This Weekend Is Your Last Chance to Tell CMS “No!” to Separate and Discriminatory Podiatric E/M Codes | News | APMA
This Weekend Is Your Last Chance to Tell CMS “No!” to Separate and Discriminatory Podiatric E/M Codes

September 6, 2018

Advocacy written in red across a folded newspaper.

Update: CMS is closing the opportunity to comment on its proposed changes for the 2019 Medicare Physician Fee Schedule this coming Monday, September 10. As a reminder, included among many proposed changes, CMS also included a proposal to require only podiatric physicians to use a separate set of E/M codes, which would pay significantly less. If you haven’t already utilized APMA’s eAdvocacy portal to express your opposition to this punitive proposal, we urge you to do so now. Every voice counts; it only takes a few minutes to submit these comments to help your profession!

You only have until September 10 to tell CMS that you oppose separate E/M codes for podiatrists that reimburse less. APMA launched its CMS eAdvocacy campaign on July 30. Via eAdvocacy, you can submit letters to CMS and your members of Congress. Your family members, friends, and patients can also submit a letter to CMS via eAdvocacy, as well.

To date, over 7,000 letters have been sent to CMS from DPMs and non-DPMs combined, and more than 2,900 DPMs have sent letters to their members of Congress. If you haven’t yet sent letters to CMS or your congressional members, we urge you to do so now! It only takes a few moments, and it would send a strong message to Congress to have every DPM send a letter.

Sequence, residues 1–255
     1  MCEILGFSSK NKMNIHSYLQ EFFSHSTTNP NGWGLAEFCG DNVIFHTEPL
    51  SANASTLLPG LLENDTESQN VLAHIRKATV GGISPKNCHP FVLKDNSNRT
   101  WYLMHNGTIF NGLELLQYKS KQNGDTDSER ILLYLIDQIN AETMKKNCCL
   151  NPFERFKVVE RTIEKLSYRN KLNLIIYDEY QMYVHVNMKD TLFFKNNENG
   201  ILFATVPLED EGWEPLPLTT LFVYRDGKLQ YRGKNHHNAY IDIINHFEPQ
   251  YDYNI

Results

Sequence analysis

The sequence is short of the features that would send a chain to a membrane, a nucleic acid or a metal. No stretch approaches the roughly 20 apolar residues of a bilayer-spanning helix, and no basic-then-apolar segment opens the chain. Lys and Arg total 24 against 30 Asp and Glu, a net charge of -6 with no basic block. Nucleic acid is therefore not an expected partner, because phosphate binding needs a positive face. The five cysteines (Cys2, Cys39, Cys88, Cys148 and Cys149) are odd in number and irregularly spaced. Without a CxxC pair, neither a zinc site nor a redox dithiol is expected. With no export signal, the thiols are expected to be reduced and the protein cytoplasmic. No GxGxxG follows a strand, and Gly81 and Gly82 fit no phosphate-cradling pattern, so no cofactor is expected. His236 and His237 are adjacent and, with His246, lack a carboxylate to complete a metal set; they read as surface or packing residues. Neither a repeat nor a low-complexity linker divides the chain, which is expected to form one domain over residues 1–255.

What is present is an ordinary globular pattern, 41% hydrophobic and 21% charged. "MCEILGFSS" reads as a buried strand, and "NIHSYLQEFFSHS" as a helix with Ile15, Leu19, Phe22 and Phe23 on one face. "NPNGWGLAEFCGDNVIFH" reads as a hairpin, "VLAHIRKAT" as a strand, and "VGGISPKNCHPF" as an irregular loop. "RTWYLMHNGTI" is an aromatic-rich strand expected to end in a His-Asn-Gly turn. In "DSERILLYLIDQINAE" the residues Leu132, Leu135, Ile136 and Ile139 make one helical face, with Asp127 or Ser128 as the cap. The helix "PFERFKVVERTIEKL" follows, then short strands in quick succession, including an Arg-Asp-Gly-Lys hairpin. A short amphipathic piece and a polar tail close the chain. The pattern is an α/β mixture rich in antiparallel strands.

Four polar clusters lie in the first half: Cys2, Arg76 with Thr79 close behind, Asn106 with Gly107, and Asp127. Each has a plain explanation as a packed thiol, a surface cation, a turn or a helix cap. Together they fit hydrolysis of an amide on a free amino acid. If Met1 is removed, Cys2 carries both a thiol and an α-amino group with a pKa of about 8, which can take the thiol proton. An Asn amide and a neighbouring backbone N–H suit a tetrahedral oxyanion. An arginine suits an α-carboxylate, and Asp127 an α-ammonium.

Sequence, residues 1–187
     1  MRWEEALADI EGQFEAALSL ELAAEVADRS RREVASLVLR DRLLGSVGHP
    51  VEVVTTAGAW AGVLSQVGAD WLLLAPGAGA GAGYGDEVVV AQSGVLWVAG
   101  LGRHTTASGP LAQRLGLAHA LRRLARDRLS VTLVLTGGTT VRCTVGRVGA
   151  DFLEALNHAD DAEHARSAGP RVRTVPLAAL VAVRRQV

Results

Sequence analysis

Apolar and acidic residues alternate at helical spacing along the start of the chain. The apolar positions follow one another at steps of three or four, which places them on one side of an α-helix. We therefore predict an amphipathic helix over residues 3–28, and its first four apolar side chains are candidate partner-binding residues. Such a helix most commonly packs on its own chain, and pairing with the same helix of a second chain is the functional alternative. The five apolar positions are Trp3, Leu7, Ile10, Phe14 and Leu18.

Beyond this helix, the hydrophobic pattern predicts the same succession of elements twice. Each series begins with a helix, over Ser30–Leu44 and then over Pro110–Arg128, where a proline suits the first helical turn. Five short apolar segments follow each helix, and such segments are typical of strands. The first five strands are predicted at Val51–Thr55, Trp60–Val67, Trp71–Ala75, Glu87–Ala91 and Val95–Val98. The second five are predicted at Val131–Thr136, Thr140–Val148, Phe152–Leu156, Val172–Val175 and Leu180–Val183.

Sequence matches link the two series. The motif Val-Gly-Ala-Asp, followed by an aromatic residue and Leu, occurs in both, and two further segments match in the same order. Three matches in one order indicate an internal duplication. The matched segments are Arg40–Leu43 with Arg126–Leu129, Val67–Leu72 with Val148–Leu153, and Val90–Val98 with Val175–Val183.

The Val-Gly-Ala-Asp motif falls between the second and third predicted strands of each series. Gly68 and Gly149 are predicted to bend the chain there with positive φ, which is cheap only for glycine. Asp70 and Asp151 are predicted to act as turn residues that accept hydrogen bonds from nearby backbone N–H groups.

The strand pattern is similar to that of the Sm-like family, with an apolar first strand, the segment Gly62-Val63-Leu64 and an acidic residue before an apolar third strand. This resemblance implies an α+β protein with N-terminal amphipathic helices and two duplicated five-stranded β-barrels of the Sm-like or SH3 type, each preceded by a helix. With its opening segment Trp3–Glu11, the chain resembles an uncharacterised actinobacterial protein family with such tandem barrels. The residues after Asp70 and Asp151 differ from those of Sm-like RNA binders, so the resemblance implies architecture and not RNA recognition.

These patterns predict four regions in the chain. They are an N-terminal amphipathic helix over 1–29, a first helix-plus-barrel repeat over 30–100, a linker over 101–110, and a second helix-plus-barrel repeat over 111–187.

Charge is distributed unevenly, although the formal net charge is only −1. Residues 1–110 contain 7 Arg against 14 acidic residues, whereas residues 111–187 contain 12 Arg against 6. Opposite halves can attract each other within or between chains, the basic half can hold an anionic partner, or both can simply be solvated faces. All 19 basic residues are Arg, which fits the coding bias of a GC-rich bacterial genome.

You might be wondering, “What else is APMA doing to stop CMS from finalizing this discriminatory and punitive proposal?” Most recently, on August 23, APMA submitted a high-level comment letter to CMS to register its strong opposition to CMS’ proposal to separate DPMs from all other Medicare providers. We will be submitting an additional comprehensive formal comment letter that addresses the E/M proposals in depth along with the other issues in the 2019 Medicare Physician Fee Schedule Proposed Rule.

APMA has also had very productive conversations with medical societies and other organizations. It has shared with them the association’s language to oppose the podiatry-specific E/M Codes. While these discussions are ongoing, several organizations have included opposition to the podiatry E/M codes in their comment drafts, and several others have indicated they have a placeholder in their comment draft letters to address opposition to the podiatry E/M codes.

APMA has signed on to coalition letters calling CMS not to finalize any E/M proposals this year and instead engage with stakeholders, including letters from the American Medical Association, the American Geriatric Society (AGS), and the American College of Rheumatology.

APMA is also participating as a member of the AGS-led coalition opposing the changes to the E/M codes. This coalition includes more than 40 medical and patient advocacy associations. We have also reached out to MedPAC. APMA has a face-to-face meeting with CMS Deputy Administrator Demetrios Kouzoukas and other CMS officials later this week and a meeting scheduled with the White House Office of Management of Budget Health Official Joe Grogan on September 4.

Face-to-face congressional meetings detailed in last week’s update have proven to be fruitful, as several members of Congress have contacted CMS on our behalf: Brad Wenstrup, DPM (R-OH); Marsha Blackburn (R-TN); Earl Blumenauer (D-OR); and Doris Matsui (D-CA) have drafted a congressional letter directed at CMS opposing the podiatry E/M codes, among other issues, and are asking their colleagues to sign on to the letter to gain additional support. 

APMA recognizes and appreciates the efforts of members and state component leaders to ensure their representatives and leaders are aware of this issue and stand up against it. This is an all-hands-on-deck effort, and APMA appreciates the support from the many friends of podiatry who recognize the value of care provided by podiatrists.

For any questions about these efforts, contact the APMA Health Policy and Practice Department at

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